Efficacy of an inactivated Zika vaccine against virus infection during pregnancy in mice and marmosets

In Jeong Kim, Paula A. Lanthier, Madeline J. Clark, Rafael A. De La Barrera, Michael P. Tighe, Frank M. Szaba, Kelsey L. Travis, Timothy C. Low-Beer, Tres S. Cookenham, Kathleen G. Lanzer, Derek T. Bernacki, Lawrence L. Johnson, Amanda A. Schneck, Corinna N. Ross, Suzette D. Tardif, Donna Layne-Colon, Stephanie D. Mdaki, Edward J. Dick, Colin Chuba, Olga GonzalezKathleen M. Brasky, John Dutton, Julienne N. Rutherford, Lark L. Coffey, Anil Singapuri, Claudia Sanchez San Martin, Charles Y. Chiu, Stephen J. Thomas, Kayvon Modjarrad, Jean L. Patterson, Marcia A. Blackman

Research output: Contribution to journalArticlepeer-review

1 Scopus citations


Zika virus (ZIKV) is a mosquito-borne arbovirus that can cause severe congenital birth defects. The utmost goal of ZIKV vaccines is to prevent both maternal-fetal infection and congenital Zika syndrome. A Zika purified inactivated virus (ZPIV) was previously shown to be protective in non-pregnant mice and rhesus macaques. In this study, we further examined the efficacy of ZPIV against ZIKV infection during pregnancy in immunocompetent C57BL6 mice and common marmoset monkeys (Callithrix jacchus). We showed that, in C57BL/6 mice, ZPIV significantly reduced ZIKV-induced fetal malformations. Protection of fetuses was positively correlated with virus-neutralizing antibody levels. In marmosets, the vaccine prevented vertical transmission of ZIKV and elicited neutralizing antibodies that remained above a previously determined threshold of protection for up to 18 months. These proof-of-concept studies demonstrate ZPIV’s protective efficacy is both potent and durable and has the potential to prevent the harmful consequence of ZIKV infection during pregnancy.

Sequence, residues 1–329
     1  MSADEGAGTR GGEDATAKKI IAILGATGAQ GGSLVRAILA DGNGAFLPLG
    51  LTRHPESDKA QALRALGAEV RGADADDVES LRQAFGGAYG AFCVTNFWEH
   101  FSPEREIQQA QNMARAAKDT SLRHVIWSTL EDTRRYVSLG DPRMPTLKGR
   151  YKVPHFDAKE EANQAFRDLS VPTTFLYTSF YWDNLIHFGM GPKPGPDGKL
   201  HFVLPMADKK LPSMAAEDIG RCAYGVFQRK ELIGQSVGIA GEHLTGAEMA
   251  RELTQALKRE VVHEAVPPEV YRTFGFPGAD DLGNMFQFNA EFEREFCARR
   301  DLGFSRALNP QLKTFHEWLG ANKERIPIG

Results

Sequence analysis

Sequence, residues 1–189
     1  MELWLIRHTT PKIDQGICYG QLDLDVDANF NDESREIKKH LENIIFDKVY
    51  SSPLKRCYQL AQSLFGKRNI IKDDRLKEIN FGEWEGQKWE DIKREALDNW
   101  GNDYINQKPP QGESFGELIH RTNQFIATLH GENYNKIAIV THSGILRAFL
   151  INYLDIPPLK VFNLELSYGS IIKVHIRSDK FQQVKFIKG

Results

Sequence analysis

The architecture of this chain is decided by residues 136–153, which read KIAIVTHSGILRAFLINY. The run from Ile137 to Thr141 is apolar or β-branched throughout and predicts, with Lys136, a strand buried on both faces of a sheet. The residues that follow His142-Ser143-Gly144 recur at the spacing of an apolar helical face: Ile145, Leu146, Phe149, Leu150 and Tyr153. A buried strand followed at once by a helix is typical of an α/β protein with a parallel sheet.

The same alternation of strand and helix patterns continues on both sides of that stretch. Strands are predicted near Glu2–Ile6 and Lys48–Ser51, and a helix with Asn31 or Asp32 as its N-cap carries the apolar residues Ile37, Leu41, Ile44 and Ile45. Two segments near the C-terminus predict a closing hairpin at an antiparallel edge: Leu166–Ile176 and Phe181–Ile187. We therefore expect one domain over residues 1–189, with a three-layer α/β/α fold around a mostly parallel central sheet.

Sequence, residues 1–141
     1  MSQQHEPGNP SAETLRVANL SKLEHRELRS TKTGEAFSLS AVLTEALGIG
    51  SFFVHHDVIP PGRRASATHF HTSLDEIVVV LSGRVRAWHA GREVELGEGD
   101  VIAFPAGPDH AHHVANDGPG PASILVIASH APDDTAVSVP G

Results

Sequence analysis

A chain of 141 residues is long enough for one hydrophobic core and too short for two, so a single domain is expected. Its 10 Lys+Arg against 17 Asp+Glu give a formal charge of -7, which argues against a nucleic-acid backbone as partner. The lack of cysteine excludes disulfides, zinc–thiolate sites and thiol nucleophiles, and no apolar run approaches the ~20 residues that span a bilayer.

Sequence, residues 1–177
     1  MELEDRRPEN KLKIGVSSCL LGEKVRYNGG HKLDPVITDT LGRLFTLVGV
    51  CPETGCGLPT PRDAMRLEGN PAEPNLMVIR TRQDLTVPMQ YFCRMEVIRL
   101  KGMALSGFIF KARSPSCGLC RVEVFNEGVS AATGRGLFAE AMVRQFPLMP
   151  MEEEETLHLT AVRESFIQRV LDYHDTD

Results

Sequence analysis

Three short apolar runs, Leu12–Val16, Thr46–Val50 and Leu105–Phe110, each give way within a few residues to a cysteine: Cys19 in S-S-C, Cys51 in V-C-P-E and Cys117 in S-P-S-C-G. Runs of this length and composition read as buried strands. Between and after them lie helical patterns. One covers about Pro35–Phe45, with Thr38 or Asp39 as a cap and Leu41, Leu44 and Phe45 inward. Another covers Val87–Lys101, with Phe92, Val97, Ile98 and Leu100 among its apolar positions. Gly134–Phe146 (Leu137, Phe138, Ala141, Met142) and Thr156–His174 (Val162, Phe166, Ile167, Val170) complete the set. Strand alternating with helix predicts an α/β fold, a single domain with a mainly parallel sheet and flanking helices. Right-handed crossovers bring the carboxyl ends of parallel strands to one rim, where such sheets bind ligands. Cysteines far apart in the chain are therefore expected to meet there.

Original languageEnglish (US)
Article number9
Journalnpj Vaccines
Issue number1
StatePublished - Dec 2022
Externally publishedYes

ASJC Scopus subject areas

  • Immunology
  • Pharmacology
  • Infectious Diseases
  • Pharmacology (medical)


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